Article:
just looking at the picture you’d see it was taken somewhere in line with the underpass (which is clearly shown on the GRB layer in OSM), whereas the ‘corrected’ position places it - my guess, as a scale stick is missing on Mapillary - some 20m to the left, as if I were cycling straight at the middle of that apartment block - quod non.

= = = another example :

Looking at Mapillary you’ll see it was taken at the ‘jump’ in the building line, GoPro shows it perhaps 2m ahead of where I was, and perhaps 1 - 1½m to the right; Mapillary has correctly corrected that forward bias, but placed me in the raised planter, which you can see wasn’t the case, thus shows a worse sideways accuracy.

So by all means keep trying, but for now you’d likely benefit from betting on both some 3D-model builder and actually analysing the photo for clues.

Spotted other examples, where a photo taken on a path was ‘corrected’ to be way beside the path; think correcting in urban surroundings will be of most benefit?

Met als immer vriendelijke groet,

Absolutely, we will always make the “raw” location available, so that should be something users can always consult. As you mentioned there are lots of issues with the current “computed” location - which is precisely what we either need to fix (or perhaps stop showing in cases where we know its unreliable).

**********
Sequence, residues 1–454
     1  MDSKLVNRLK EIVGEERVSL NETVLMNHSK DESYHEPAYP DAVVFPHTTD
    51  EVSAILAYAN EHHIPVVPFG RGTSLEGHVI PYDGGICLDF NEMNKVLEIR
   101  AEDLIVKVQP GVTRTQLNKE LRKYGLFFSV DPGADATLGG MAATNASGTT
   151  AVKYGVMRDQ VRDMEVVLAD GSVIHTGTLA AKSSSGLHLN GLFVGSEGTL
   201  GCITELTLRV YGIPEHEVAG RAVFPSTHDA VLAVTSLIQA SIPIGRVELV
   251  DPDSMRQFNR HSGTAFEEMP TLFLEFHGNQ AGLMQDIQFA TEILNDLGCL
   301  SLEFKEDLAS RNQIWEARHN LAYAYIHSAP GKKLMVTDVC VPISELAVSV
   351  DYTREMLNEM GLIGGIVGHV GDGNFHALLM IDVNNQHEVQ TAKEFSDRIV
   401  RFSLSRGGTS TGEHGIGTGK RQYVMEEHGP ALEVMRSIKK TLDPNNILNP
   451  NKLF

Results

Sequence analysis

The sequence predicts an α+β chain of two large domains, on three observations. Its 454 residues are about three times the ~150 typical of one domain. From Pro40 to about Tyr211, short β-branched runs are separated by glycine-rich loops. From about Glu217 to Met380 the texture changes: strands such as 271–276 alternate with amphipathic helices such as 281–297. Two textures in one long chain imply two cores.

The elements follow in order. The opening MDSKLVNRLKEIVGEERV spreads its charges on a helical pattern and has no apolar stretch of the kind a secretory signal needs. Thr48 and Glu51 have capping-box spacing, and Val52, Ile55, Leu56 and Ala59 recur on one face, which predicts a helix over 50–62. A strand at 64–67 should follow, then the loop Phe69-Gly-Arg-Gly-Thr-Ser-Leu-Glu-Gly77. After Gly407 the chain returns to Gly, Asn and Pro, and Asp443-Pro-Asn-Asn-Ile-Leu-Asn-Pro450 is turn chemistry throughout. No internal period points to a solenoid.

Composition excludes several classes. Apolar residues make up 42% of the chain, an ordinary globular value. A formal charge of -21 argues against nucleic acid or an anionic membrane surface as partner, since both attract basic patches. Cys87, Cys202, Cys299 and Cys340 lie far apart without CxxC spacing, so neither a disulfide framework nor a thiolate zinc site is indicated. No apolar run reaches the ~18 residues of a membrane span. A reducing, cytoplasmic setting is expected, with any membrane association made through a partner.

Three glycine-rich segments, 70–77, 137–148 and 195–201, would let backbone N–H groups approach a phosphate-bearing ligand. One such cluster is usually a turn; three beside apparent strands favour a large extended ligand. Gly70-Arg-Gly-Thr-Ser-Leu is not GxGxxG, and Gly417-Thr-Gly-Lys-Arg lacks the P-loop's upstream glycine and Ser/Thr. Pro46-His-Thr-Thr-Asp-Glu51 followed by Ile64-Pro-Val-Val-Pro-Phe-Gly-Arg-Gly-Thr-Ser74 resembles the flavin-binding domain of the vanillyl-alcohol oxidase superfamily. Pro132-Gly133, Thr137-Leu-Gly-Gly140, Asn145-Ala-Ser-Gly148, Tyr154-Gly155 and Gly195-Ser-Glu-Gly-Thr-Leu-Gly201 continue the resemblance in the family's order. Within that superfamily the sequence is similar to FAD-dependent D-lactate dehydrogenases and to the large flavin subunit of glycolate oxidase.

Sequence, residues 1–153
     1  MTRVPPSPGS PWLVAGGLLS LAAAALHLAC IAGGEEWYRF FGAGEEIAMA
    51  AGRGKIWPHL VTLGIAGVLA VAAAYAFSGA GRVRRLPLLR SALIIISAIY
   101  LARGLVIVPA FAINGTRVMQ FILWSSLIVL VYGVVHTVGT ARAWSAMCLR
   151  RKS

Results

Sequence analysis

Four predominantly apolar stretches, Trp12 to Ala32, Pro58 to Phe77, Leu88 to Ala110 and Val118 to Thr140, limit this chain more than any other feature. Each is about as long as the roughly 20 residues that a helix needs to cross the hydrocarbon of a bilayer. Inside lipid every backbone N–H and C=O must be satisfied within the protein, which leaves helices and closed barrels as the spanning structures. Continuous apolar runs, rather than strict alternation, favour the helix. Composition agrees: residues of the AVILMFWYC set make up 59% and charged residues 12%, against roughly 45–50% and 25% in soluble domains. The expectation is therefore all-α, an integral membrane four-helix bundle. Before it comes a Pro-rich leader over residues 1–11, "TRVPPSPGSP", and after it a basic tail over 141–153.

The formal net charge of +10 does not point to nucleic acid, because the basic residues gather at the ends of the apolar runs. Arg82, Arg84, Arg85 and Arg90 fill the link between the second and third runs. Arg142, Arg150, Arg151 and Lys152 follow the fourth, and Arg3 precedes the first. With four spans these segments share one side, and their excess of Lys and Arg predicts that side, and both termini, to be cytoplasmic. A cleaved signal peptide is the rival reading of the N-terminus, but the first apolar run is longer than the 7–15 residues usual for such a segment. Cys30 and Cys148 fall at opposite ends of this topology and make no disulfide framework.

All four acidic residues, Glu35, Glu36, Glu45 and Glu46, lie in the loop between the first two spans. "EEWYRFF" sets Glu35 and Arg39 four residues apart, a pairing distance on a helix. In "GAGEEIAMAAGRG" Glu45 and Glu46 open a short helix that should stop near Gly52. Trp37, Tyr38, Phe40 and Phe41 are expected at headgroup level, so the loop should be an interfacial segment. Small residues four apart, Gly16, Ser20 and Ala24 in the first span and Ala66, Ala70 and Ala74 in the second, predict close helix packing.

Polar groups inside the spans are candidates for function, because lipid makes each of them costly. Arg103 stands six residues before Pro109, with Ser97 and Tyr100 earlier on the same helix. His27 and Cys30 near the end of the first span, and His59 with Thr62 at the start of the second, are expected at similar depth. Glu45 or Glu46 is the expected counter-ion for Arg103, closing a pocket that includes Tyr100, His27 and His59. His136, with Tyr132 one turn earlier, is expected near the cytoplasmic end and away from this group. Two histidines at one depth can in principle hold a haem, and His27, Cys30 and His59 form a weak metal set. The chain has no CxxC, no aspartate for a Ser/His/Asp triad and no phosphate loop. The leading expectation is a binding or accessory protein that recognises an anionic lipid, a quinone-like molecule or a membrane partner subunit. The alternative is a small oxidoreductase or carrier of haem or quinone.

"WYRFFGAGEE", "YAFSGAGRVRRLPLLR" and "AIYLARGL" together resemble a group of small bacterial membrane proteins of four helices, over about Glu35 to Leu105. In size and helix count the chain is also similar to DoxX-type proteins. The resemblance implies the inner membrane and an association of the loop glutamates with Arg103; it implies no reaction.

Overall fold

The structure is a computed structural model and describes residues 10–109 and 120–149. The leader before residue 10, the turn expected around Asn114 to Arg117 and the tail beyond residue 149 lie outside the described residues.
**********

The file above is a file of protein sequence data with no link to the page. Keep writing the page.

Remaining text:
…lots of issues with the current “computed” location…

One reason for this might surely be the fact that for some time now sequences (in a sector) are no longer consolidated, which makes camera position reconstruction rather “half baked”. This also has the side effect that (3D) time travel does not work anymore either. Currently, we have some sort of pseudo fallback time travel because the images selected for comparison are simply selected based on location, image metadata direction, and date rather than content, location, and date. This is unfortunate because I have a few places that I would like to compare for changes. :crossed_fingers: I am looking forward to the day when sequence consolidation and time travel come back in their full potential and glory!

@boris The lack of sequence consolidation in general also seems to affect the consolidation of projected traffic signs. :worried: